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Jeremy's Blog 22nd October: The Climate Change Journey

This article by Jeremy Moody first appeared in the CAAV e-Briefing of 21st October 2021

Net zero by 2050 – a short and simple phrase for vast and complex changes across society and the economy over a generation. The Government has taken another set of steps on this road with this week’s series of papers setting out more policies, actions and more intermediate targets as it tackles domestic policy and seeks to lead the COP26 summit. Both require detailed practical policies, blending regulation, tax, investment and new markets to drive choices and values that will create change on the ground. Grand proclamations are hollow without this.

Yet, all that does not cancel climate change but could contain it. Adaptation to further change will still be needed as temperatures rise and conditions change with more experience of their consequences from more flooding to an English wine industry.

Thus, the Government’s new papers confirm the direction, marking some steps, but are nowhere near the last word. They show how much has to be done in this decade for the 2050 target to be met. Much of that bears on rural land management and housing with the accompanying professional challenges. The 2030s and the 2040s would then follow through, grappling with the tougher and remaining issues with carbon prices rising.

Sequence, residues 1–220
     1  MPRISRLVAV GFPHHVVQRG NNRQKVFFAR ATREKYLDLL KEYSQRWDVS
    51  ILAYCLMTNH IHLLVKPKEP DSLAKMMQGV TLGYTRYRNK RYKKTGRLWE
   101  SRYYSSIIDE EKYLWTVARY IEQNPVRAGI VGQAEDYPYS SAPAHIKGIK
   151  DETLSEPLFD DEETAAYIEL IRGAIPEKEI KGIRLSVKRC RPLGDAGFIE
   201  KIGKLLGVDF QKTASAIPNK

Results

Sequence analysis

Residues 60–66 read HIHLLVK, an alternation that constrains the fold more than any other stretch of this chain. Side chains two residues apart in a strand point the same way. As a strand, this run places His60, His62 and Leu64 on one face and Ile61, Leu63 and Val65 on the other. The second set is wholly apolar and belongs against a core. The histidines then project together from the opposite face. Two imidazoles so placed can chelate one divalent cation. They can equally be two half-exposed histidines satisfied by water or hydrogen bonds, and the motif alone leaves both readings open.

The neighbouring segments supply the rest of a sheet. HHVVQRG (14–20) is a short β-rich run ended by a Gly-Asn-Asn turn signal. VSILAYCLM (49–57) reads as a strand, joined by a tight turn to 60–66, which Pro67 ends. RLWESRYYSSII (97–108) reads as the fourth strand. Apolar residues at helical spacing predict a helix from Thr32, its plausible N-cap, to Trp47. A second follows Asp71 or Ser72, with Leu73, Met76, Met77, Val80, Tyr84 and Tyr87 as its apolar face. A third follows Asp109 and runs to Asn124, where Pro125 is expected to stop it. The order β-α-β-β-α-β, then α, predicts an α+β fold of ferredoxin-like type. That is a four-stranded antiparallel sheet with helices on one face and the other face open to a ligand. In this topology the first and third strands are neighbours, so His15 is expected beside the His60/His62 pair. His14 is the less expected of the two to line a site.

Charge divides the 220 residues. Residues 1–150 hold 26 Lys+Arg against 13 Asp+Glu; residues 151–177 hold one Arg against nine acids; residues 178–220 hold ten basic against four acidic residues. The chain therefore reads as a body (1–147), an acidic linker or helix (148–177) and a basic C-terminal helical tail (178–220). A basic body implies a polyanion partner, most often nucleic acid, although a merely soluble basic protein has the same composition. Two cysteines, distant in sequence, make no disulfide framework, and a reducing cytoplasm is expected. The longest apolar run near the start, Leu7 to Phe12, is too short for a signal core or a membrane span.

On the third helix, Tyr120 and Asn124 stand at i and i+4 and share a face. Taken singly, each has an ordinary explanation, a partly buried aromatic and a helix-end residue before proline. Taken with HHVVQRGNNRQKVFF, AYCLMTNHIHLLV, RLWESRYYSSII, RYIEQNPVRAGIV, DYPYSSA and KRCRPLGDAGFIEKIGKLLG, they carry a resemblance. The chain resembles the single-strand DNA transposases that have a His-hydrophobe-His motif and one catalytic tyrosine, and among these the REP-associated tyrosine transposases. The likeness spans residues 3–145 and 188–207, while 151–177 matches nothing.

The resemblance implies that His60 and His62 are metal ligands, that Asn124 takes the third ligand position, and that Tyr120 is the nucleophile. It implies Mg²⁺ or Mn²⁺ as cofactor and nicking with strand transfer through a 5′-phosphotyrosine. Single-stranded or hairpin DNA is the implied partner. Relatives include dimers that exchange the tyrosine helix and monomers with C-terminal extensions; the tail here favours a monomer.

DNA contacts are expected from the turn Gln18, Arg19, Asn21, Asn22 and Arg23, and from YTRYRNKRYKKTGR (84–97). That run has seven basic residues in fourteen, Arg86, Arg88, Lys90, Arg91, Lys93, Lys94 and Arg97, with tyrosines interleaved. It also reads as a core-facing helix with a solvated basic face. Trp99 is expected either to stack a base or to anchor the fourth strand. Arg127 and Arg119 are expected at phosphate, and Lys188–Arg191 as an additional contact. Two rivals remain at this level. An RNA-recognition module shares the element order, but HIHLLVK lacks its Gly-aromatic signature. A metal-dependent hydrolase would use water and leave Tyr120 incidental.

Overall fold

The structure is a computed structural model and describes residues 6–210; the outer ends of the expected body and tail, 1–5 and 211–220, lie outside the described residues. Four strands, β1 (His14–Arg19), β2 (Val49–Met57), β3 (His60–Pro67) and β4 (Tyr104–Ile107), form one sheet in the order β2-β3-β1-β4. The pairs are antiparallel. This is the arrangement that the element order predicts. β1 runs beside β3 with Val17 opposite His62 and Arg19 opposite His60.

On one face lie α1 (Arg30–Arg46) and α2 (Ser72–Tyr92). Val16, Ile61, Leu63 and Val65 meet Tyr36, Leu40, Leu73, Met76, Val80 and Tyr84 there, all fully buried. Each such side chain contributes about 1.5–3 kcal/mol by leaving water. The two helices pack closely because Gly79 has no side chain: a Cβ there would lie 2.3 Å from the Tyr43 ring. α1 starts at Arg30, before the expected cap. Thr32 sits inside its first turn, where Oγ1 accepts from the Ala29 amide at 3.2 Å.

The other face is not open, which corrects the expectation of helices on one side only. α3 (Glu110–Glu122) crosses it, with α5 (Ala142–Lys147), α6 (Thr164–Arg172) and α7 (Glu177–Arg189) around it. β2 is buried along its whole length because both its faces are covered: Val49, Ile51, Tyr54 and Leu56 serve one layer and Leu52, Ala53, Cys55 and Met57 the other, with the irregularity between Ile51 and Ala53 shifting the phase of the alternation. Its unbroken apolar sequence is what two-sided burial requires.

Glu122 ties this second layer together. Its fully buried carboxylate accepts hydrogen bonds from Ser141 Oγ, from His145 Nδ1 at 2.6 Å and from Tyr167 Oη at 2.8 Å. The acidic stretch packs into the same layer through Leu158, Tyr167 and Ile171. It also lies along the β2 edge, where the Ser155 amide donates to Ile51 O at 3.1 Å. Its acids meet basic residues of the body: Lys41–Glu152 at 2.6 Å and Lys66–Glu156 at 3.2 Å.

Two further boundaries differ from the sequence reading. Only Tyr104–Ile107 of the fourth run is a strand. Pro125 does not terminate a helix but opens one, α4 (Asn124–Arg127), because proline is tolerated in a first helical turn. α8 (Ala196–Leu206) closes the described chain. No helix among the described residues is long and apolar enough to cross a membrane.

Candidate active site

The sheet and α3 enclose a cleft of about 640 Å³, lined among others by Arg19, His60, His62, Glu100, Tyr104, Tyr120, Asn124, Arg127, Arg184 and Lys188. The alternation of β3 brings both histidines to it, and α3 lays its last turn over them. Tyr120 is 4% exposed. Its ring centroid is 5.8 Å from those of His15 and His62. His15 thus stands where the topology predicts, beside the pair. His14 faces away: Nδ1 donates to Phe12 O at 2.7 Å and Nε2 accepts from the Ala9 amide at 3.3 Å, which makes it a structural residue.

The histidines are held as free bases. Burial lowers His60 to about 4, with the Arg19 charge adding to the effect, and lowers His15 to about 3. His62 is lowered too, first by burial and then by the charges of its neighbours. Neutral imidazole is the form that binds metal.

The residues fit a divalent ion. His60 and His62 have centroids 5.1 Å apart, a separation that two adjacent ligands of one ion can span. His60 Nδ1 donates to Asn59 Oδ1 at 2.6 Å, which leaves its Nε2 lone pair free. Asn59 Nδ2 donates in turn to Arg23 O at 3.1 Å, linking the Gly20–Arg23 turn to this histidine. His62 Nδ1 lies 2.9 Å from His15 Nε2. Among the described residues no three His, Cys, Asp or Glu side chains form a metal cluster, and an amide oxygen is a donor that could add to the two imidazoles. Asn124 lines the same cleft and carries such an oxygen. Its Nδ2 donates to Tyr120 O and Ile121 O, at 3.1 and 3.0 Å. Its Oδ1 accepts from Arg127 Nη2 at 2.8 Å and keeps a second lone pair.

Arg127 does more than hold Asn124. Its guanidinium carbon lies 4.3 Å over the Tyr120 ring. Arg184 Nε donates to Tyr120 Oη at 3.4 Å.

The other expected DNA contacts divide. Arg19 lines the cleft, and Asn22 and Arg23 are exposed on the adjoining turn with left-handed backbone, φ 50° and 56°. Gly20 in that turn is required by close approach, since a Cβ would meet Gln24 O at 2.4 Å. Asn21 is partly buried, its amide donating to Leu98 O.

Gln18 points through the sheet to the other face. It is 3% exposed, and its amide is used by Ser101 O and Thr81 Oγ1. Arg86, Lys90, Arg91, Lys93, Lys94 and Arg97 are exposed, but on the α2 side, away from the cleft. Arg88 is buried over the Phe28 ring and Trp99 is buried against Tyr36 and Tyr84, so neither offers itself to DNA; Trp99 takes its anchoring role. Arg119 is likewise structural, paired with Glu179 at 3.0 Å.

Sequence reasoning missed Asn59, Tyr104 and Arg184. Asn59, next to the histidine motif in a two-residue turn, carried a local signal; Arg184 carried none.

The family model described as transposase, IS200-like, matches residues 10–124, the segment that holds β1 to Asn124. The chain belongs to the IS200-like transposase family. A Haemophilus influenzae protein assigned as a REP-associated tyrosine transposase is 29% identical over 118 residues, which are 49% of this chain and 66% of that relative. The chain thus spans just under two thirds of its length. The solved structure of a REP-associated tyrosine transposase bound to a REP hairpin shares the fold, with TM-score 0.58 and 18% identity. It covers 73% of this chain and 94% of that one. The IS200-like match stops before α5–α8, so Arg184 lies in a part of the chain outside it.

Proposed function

Governments in London, Edinburgh and elsewhere now yoke biodiversity with climate change. The common theme is an emphasis on nature as a foundation for society and the economy. London stresses its intention of achieving improvement, not just managing decline – a major shift whose full force we have yet to see.

The Environment Bill, now in its final stages in Parliament, is to be the master legislation for much of this with policies from the setting of economy-wide targets for air and water quality or species abundance to the mechanisms for planning controls to deliver biodiversity. Though earlier, the Agriculture Act’s land management aspects are to be seen in that matrix which will come to inform the spread of rural professional work.

One measure of policies yet to come is in the Green Finance Institute’s report on the “finance gap”, the difference between the money already committed to this work and what will be needed put at £56 billion: England - £27 billion; Scotland - £20 billion; Wales - £5 billion; Northern Ireland - £4 billion for Northern Ireland. At the same time, £30 billion of fuel duty will be lost, the NHS is hungry for money, the population ages and there is no clear path to the growth to pay for this.

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